1637 – The Polish Maelstrom – Snippet 37

“I read up about it,” Kelly continued. “There’s different kinds of alcoholics, Gammas and Betas. Your Gammas are the falling-down drunks. Betas are different. They drink too much, and they can eventually kill themselves from it–cirrhosis of the liver, heart disease, whatever–but they’re what’s called ‘high functioning.’ In fact, this kind of alcoholic actually performs better when they’ve had a drink or two. Psychologists call it ‘maintenance drinking.’ It’s why guys like Babe Ruth and Mickey Mantle could knock down a couple of shots and still hit home runs like nobody’s business.”

Keenan was skeptical, but he didn’t know enough about alcoholism to be able to argue the matter. Especially with his boss. All he knew was that Lannie was drinking more and more as time went on and maybe he was a “high functioning drunk” but dammit he was still a drunk.


Thousands of feet above them, Lannie Yost had pulled out of his dive and was about to do another.

“Damn, this is one fine plane!” he exclaimed. “Bob, you done yourself proud.”

Kelly’s understanding of alcoholism wasn’t wildly incorrect, but it was skewed. There were such people as high-functioning alcoholics and they did engage in maintenance drinking–and, indeed, their physical performance did actually improve after one or two drinks, which was not true of people who weren’t alcoholics.

But that just spoke to their physical performance and reflexes. Yes, a great baseball player who was a high functioning alcoholic and had had a couple of drinks before going out to the plate could hit a home run. Just like a test pilot accustomed to flying aircraft still kept his physical skills after a couple of drinks.

What he started losing, though, was his judgment. His reflexes and coordination might still have withstood the effects of the alcohol, but his mind hadn’t. He was, to use the vernacular, pickled.

Up until now, the Wasp had performed splendidly. Bob Kelly was indeed a good aircraft designer. But he’d gotten the performance of his new airplane partly by cutting corners.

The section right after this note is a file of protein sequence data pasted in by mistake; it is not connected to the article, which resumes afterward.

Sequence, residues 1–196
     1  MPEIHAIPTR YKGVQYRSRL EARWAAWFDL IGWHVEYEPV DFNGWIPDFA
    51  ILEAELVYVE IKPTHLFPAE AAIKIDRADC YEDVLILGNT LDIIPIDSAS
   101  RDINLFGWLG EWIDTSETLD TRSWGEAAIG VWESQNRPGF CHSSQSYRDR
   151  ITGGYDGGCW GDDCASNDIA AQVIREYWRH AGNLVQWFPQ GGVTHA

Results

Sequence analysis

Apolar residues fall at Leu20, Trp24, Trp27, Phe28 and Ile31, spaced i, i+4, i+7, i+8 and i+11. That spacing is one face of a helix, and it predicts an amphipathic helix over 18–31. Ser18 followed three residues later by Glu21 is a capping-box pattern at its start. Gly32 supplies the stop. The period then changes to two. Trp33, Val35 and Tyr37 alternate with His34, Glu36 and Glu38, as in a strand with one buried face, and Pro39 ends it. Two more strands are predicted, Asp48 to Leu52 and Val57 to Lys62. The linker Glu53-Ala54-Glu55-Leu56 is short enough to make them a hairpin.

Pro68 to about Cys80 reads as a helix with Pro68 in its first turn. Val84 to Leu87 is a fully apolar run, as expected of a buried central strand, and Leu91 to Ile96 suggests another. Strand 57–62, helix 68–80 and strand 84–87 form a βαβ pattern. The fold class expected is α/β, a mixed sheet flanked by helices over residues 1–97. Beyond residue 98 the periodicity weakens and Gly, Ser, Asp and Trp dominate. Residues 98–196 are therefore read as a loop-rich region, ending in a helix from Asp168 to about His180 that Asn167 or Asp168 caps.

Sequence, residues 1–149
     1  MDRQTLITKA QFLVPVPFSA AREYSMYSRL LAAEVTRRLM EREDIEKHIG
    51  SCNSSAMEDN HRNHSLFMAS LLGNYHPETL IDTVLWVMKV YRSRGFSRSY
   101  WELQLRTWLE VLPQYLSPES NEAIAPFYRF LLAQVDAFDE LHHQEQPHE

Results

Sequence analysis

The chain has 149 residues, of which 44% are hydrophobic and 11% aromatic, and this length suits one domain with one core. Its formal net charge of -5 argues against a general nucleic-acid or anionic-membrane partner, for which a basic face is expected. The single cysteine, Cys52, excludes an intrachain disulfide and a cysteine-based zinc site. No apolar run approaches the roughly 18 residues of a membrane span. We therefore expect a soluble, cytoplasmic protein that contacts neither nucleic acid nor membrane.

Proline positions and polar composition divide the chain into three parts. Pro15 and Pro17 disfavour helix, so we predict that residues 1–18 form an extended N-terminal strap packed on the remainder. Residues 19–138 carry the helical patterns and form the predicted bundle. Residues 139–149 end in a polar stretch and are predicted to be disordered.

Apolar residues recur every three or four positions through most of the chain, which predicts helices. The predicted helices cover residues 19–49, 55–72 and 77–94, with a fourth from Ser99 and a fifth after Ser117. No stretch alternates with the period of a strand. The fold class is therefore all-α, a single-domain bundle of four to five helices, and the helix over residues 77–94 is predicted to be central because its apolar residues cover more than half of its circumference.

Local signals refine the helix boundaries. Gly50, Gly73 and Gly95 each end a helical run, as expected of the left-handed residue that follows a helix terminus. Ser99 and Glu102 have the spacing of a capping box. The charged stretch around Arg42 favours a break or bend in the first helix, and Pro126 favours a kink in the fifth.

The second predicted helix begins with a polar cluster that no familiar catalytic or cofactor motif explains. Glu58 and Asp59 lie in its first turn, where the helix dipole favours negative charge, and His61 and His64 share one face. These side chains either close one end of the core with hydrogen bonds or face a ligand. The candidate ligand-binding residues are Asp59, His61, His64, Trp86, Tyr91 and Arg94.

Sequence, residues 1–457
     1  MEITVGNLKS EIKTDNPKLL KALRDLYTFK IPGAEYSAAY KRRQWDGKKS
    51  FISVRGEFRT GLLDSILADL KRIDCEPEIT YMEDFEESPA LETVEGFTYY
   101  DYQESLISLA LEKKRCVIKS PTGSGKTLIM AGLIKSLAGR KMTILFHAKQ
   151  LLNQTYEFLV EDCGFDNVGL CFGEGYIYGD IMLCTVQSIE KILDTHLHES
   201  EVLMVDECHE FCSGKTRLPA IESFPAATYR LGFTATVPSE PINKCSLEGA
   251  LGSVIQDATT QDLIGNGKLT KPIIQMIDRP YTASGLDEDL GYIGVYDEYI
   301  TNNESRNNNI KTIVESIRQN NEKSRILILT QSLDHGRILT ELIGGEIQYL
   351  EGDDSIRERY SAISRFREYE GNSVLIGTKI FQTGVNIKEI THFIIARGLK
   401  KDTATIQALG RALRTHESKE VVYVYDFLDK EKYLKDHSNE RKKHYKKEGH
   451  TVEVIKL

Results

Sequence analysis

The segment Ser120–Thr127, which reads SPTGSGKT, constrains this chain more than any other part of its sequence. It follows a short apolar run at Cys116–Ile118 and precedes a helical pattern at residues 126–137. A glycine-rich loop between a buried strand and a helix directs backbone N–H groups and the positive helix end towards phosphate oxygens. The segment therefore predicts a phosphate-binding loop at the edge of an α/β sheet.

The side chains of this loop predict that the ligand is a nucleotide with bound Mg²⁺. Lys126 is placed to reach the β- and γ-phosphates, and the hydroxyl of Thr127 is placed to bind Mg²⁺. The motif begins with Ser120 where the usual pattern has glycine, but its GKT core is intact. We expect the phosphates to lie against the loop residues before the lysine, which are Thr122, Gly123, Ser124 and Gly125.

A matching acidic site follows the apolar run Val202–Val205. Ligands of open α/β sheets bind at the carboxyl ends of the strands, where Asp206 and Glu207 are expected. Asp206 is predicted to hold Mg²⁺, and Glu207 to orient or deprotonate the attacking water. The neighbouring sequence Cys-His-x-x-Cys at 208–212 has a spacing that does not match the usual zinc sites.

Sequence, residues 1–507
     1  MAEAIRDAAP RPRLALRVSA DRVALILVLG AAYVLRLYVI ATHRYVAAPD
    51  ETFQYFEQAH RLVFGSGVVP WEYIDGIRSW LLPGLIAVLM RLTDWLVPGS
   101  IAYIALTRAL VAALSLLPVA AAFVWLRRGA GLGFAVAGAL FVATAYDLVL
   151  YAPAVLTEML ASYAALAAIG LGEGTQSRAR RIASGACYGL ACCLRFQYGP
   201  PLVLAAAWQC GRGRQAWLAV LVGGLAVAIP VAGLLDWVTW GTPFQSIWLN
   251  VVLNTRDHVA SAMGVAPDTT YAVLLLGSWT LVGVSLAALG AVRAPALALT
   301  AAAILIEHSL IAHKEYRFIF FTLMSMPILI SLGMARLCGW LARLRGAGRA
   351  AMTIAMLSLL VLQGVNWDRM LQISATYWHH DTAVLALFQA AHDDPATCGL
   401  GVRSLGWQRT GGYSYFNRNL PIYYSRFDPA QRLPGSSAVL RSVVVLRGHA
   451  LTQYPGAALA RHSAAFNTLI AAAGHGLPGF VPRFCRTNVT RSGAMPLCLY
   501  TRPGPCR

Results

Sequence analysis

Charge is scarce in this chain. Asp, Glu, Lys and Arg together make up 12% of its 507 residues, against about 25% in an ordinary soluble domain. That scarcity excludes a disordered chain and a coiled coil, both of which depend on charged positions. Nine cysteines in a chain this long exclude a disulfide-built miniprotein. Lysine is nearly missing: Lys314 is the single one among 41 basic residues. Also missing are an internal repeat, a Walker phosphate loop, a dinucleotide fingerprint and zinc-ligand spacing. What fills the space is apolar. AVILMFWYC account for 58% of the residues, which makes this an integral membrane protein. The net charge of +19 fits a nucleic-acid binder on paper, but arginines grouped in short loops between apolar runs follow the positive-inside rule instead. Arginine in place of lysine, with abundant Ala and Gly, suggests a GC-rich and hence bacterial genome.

Lannie was exuberant, now. His next dive was steep and he wasn’t going pull up until the last minute. This was a war-plane, no? You don’t pamper a fighting aircraft.

Down he went. Down and down.

On the ground below, Keenan hissed. Bob’s jaws tightened. “Damnation,” he muttered through tight lips.


Lannie broke off the dive and starting pulling up. But he was now putting more g-force on the wings than they could handle. A wire support on the frame pulled loose, screw and all. That threw six times as much weight on the other wire and it broke loose as well.

The Wasp’s right wing started coming apart. The flaps on that side ripped loose. The crippled wing itself stayed attached to the fuselage but it was no longer functioning as a wing. It was just flapping aimlessly as the plane began plunging toward the ground.

The wing no longer provided any lift, but because it stayed attached to the fuselage it did provide drag–and even in a dive the Wasp hadn’t been traveling all that fast. As it headed for the inevitable crash landing, the plane never achieved terminal velocity.

Never came close, really. It was probably not doing more than sixty miles per hour on impact.

A crash at sixty miles per hour is plenty good enough to kill someone, of course. But alcoholics have a patron saint of their own, a Dubliner by the name of Matt Talbot, and apparently he was on the job that day. Instead of smacking into the ground, Lannie’s plane struck an oak tree.